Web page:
Seismicity and seismotectonics of Madagascar revealed by the 2011–2013 deployment of the island-wide MACOMO broadband seismic array

Tsiriandrimanana Rakotondraibe, Andrew A. Nyblade, Michael E. Wysession, Raymond J. Durrheim, Gérard Rambolamanana, Ghassan I. Aleqabi, Patrick J. Shore, Martin J. Pratt, Fenitra Andriampenomanana, Georg Rümpker, Elisa Rindraharisaona

Research output: Contribution to journalArticlepeer-review

Abstract

The seismicity and seismotectonics of Madagascar have been studied using an island-wide distribution of broadband seismic stations. The 28-station MAdagascar-COmoros-MOzambique (MACOMO) array was deployed for a 23-month period between 2011 and 2013. MACOMO data were supplemented by seven temporary stations from the Seismological Signatures in the Lithosphere/Asthenosphere system of Southern Madagascar (SELASOMA) project, ten temporary stations from the Réunion Hotspot and Upper Mantle - Réunions Unterer Mantel project (RHUM-RUM), and 11 permanent stations. A total of 695 earthquakes with magnitudes between ML1 and ML5.3 located within Madagascar were recorded, a new local magnitude scale was developed, and focal mechanisms were determined for 23 well-recorded events. Most of the seismicity is clustered within central Madagascar, forming NW-SE trends in the Ankaratra region and NE-SW trends in the Alaotra and Ankay regions that roughly align with extensional tectonic features. The northern and southern parts of Madagascar also show seismicity clusters that align parallel to existing tectonic features, primarily Precambrian shear zones. Focal mechanisms exhibit a wide orientation of nodal planes, show predominantly normal faulting throughout Madagascar, and provide no evidence for a sharp east-west striking plate boundary between the Lwandle and Somalian plates in the middle of the island. However, a diffuse plate boundary cannot be excluded. We suggest that topographically-generated extensional stresses is the cause of most seismicity, given that significantly fewer earthquakes are located in the lower elevation areas of the island compared to regions of higher elevations. The frequency-magnitude distribution has a b-value of ~1.2 and indicates that events with magnitude ML5 or greater should occur with an average repeat time of ~1.4 years. However, no earthquake exceeding ML6 has been recorded in the last century, suggesting that the frequency-magnitude distribution could be truncated.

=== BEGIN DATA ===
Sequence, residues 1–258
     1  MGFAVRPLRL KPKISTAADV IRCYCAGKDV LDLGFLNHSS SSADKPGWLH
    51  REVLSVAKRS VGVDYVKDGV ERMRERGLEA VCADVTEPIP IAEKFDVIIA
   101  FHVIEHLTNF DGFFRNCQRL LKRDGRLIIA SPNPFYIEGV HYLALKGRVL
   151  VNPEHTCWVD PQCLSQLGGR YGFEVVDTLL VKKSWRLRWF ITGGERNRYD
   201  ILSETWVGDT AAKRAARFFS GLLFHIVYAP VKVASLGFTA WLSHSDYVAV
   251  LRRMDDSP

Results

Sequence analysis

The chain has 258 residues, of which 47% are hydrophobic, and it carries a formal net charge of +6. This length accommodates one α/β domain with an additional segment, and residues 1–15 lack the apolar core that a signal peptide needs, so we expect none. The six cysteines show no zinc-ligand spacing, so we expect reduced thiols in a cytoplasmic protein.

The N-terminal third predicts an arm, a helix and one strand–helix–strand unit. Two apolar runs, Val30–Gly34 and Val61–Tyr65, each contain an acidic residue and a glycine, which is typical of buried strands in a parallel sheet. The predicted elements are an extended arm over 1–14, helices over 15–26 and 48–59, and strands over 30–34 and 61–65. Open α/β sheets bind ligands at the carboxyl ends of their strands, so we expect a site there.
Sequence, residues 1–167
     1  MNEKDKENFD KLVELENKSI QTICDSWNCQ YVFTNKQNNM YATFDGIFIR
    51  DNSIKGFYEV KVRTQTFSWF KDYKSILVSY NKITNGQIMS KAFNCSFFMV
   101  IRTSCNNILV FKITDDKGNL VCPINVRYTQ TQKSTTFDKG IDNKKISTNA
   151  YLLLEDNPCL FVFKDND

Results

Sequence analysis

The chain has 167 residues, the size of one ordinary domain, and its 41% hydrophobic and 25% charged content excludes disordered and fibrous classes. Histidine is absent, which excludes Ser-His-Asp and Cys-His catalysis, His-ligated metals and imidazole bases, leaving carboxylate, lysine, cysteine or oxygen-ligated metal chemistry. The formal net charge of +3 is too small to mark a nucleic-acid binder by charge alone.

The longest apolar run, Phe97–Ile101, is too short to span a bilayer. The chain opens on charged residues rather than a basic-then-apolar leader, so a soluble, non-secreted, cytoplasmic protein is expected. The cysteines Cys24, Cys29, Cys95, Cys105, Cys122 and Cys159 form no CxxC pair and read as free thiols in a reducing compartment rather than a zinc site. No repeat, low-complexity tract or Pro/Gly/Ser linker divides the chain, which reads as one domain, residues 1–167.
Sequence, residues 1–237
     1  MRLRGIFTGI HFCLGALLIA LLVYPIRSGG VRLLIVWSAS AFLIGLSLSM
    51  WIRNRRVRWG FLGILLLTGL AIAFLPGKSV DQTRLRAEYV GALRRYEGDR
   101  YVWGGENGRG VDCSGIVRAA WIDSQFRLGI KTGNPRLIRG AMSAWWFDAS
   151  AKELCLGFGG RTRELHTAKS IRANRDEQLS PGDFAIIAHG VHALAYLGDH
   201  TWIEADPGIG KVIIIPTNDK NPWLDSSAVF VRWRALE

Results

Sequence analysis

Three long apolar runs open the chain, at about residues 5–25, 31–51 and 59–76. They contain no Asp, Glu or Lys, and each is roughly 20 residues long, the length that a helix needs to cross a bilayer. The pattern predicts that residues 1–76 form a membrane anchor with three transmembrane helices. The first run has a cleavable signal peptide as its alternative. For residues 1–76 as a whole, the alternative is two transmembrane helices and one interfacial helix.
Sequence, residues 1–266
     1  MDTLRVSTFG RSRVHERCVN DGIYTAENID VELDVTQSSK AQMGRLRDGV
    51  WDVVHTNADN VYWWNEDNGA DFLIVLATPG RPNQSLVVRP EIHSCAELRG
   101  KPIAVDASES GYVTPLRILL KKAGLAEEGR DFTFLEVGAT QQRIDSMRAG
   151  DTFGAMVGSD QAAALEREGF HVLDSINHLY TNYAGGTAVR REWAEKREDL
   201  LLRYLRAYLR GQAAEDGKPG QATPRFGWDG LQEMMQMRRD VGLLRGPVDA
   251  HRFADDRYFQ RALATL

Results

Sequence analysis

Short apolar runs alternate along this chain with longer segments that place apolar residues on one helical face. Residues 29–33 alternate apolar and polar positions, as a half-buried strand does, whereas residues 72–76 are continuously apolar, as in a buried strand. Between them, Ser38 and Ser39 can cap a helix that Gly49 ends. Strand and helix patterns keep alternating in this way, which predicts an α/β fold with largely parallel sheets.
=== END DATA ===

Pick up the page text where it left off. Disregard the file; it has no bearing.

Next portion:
Original languageEnglish (US)
Article number228547
JournalTectonophysics
Volume790
DOIs
StatePublished - Sep 5 2020

All Science Journal Classification (ASJC) codes

  • Geophysics
  • Earth-Surface Processes

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